Last week’s I/O conference saw Google reiterate its positioning as an AI-first company, a move it first highlighted a year previously. But perhaps the first event that made the public take note of the rise of AI, or artificial intelligence, came a few months earlier than that. An AI called AlphaGo scored a momentous victory over Lee Se-dol, one of the all-time best players of Go, the staggeringly complex ancient Chinese board game.
In defeating Lee 4-1, DeepMind, the British startup acquired by Google in 2014 and developer of AlphaGo, achieved something that many computer scientists believed would be decades away. But the matter wasn’t quite settled among the Go community. The world’s current number one, a 19-year-old Chinese player named Ke Jie, came out after AlphaGo’s first win declaring that he believed he could defeat the AI; Ke toned down his rhetoric as AlphaGo further demonstrated his dominance over the series, but the point remains that AlphaGo hadn’t quite beaten the best humanity had to offer.
This week, the matter will be settled once and for all. Ke Jie and AlphaGo will face off in a three-game match in Wuzhen, China, as part of the Future of Go Summit being held by Google. As well as the Go matches, the event will host a series of panels from many of Google’s artificial intelligence and machine learning luminaries, who we can expect to expand on many of the initiatives Google laid out last week at I/O.
AlphaGo’s capabilities will further be tested in two exhibition matches with intriguing stipulations. The first, Pair Go, will see two Chinese pros face off against each other alongside an AlphaGo teammate: since Go strategy requires immense foresight and strategy, the helping hand could be more of a hindrance in practice for both human and computer, removing their abilities to plan ahead. Much of the drama last year came from AlphaGo’s unorthodox, baffling moves that later turned out to be inspired and even beautiful, so it will be fascinating to see how the AI performs under these conditions.
The second exhibition match, Team Go, is more straightforward: five Chinese pro players will basically gang up on AlphaGo, working together in an attempt to take the AI down. Will the collaborative approach help the human players by providing an avenue for new ideas, or will it be a case of too many people cluttering the strategy? Either way, it’ll make for an opponent unlike any AlphaGo has faced to date. And both stipulation matches will demonstrate not only a wider range of AlphaGo’s capabilities than before, but how the arrival of AI has changed the way that humans play Go.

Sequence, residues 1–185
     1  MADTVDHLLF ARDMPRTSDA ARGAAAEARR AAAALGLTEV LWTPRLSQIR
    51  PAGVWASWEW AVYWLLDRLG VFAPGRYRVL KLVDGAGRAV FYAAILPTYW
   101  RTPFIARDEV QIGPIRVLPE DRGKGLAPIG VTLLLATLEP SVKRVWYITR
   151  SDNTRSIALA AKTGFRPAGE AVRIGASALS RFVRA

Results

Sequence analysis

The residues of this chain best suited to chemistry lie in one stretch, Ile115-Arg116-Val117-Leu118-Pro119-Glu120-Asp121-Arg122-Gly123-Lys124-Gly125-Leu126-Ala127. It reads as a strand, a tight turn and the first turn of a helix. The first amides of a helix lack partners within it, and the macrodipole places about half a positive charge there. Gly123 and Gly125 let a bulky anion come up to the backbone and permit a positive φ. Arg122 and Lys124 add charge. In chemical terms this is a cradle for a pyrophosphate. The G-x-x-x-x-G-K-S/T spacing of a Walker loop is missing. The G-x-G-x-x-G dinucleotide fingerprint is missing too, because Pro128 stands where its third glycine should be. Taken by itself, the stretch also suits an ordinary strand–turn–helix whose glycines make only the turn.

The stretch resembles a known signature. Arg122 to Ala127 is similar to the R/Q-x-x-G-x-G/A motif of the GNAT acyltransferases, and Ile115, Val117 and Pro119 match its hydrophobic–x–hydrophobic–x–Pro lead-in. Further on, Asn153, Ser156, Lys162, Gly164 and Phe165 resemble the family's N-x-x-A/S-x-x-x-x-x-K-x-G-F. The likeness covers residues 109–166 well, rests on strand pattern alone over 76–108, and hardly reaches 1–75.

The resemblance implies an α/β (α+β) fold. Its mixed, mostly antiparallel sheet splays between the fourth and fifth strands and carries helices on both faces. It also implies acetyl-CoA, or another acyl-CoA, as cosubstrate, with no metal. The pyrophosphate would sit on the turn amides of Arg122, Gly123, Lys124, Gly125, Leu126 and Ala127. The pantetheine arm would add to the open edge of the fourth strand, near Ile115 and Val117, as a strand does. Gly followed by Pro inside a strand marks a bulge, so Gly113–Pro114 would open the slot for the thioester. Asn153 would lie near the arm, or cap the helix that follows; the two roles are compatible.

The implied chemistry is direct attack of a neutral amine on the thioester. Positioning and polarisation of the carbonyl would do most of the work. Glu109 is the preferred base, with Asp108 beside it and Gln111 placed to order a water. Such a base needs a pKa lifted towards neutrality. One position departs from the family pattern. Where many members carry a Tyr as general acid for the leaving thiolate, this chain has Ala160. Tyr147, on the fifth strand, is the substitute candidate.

Most eyes will be on the Ke Jie showdown, however, and with good reason. If Ke wins, it won’t exactly diminish DeepMind’s achievement, but it may prompt a slowing of the AI hype train that has occasionally threatened to derail over the past year. If AlphaGo wins, on the other hand, it’ll confirm that the game of Go has been essentially beaten, and no doubt prompt further handwringing about the machines taking over.
“Instead of diminishing the game, as some feared, artificial intelligence has actually made human players stronger and more creative,” DeepMind CEO and co-founder Demis Hassabis said upon the announcement of the Future of Go Summit. “It’s humbling to see how pros and amateurs alike, who have pored over every detail of AlphaGo’s innovative game play, have actually learned new knowledge and strategies about perhaps the most studied and contemplated game in history. Clearly, there remains much more to learn from this partnership between Go’s best human players and its most creative AI competitor.“
What’s going to happen? Last time, no-one really knew what to predict, but AlphaGo’s strong showing against Lee Se-dol makes it the clear favorite to take the three-game match — it’s likely to be even stronger with another year or so of machine learning under its artificial belt. There’s also the small matter that the AI has already beaten Ke Jie multiple times before in online games conducted under a pseudonym, though that’s a very different setting than the formality of an official match.
“My thoughts are that both Ke Jie and the team will have a low chance of winning because when AlphaGo played 60 games online, no one managed to expose its weakness,” says Lee Ha-jin, secretary general of the International Go Federation until last year and a pro player herself. “If I had to choose, I would say the team has a better chance.”
Ultimately, of course, the promise of AI is about more than solving board games. This week you can expect to hear DeepMind speak about its health initiatives, and Google should go into further detail about how machine learning is already improving many of its products. But the summit will also serve as a fascinating focal point for the impact of AI; an abstract board game created thousands of years ago in China is now right at the center of what could be one of the most profound technological developments of our time. Go may not be the endgame, but it’s a beguiling, engrossing context for these conversations to be held in.
“I am still excited to see the games!” says Lee Ha-jin, who doesn’t particularly seem to mind if AlphaGo prevails. “Go is like a journey and what happens in the journey is more interesting than the result.”
The Verge is in Wuzhen covering the Future of Go Summit. Various events and games will be streamed at this link.